Bluegill mouths

Discussion in 'Bluegill Fishing' started by dburkhead, Oct 3, 2008.

  1. dburkhead

    dburkhead New Member

    At one of my regular "fishing holes" I'd been catching a lot of little 3-5" bluegills (since they've drawn down reservoir level recently, the fishing at that spot has kind of dried up) as well as the occassional white bass. I'd been gradually creeping up in hook size, trying to cut back on the smaller ones and hook primarily on the bigger ones. I'd gotten to a size 4 before I finally stopped pulling in the tiny ones, but I'm wondering if maybe on bluegills, if the body doesn't grow proportionally larger to the mouths--so that a hook large enough that the smaller ones can't take it is large enough that the run-of-the-mill "keeper" doesn't take it either.
  2. Ghosth

    Ghosth New Member

    North Dakota
    I think your exactly correct.

    Their mouths are small, and while the difference between a 3 & a 5" fish may seem big to us, to them the difference in their mouth size is pretty minor.

    Maybe keep the small ones for live or cut bait for catfish?

  3. bluejay

    bluejay Well-Known Member

    Napoleon, Mo.
    I always use small hooks for both crappie and bluegill. I really don't believe you will catch bigger using bigger hooks. There bait stealers. got to get them close to the point for a hookup.
  4. Bossofbeefbowl

    Bossofbeefbowl New Member

    Hanover Park,IL
    They do tend to nibble away if you're using worms or hot dogs.If you're having trouble with bait stealing and only getting smaller ones I've had good luck using small plastics.Like the ones that look like little baby fish,the ones I have in my box are a little shorter than an inch.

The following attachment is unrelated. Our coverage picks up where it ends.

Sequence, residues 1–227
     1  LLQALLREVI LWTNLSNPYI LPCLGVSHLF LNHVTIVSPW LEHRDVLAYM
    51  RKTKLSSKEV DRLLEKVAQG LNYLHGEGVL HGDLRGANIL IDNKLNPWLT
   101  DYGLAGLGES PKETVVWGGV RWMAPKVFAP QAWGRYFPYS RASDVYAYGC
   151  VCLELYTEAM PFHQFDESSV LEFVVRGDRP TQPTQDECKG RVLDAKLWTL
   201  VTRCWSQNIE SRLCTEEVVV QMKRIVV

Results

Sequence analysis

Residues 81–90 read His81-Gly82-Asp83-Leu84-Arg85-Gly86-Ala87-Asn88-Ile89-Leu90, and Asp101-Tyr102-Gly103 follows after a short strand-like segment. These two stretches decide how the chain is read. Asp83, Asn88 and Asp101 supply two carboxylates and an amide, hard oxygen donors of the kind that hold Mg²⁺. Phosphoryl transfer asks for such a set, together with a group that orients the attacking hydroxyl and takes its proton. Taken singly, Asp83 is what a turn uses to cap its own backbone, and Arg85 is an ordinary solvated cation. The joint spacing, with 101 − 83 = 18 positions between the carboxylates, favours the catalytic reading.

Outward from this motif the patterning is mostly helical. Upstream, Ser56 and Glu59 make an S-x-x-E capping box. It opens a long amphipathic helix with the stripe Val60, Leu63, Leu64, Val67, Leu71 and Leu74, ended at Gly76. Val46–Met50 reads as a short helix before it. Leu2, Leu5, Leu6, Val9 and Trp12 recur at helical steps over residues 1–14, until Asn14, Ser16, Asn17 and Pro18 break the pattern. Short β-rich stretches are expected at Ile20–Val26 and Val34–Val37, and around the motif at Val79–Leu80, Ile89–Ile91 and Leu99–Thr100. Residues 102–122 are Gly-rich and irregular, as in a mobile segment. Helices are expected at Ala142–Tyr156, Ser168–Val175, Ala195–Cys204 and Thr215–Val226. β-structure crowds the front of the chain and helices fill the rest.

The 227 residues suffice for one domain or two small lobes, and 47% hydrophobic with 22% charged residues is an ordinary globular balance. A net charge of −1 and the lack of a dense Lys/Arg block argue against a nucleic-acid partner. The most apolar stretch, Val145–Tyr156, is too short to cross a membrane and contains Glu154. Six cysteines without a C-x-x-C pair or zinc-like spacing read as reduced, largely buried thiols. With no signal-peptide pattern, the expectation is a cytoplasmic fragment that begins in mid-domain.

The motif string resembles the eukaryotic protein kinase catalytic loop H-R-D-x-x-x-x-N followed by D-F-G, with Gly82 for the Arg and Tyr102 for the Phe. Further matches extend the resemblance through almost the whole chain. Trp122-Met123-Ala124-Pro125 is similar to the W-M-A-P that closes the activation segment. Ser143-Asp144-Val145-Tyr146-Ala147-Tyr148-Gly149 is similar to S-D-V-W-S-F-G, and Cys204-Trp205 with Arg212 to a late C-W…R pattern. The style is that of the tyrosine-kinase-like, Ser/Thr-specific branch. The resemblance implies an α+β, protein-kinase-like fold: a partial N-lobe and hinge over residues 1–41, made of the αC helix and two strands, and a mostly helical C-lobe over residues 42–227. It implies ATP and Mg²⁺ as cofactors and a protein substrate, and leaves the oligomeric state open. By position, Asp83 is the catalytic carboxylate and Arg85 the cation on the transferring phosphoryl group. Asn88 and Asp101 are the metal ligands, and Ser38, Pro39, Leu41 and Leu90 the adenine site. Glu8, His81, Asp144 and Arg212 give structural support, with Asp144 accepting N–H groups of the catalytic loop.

5. fishnfwl

    fishnfwl New Member

    South Cent
    Yes Sir that would be norm for most of your pan fish. arouound here any way...... :wink:
  6. boswifedeb

    boswifedeb USCA Jailhouse Lawyer Staff Member Supporting Member

    It's always amazed me how such little fish can get hooked by such big hooks. I guess it all depends on the angle of attack!:roll_eyes:
  7. Katatonik

    Katatonik New Member

    Ogden, Kansas,
    There is a trick that might work. The European speed anglers use really
    small worms like maggots and toss them out like rice by the handful. If
    you throw four or five handfuls of these out waiting twenty seconds
    between tosses you've primed the site and drawn every bluegill within
    swimming distance to an area about 10ft around right in front of you.
    Now you go back to your set up cane pole with the hook set one inch
    from the bottom beneath the tapered bottom of the float. On the hook
    a maggot impaled from head to tail near the razor sharp point. One more
    fist full of maggies then swing your rig to the center of the splash. The
    float will go under before the hook reaches the bottom. Catch six fish
    more. Another handfull of maggots. Repeat. Stop when you are tired
    or out of maggots. You will tend to catch the largest of the bluegills
    available in this stretch of lakeshore by feeding the rest maggots.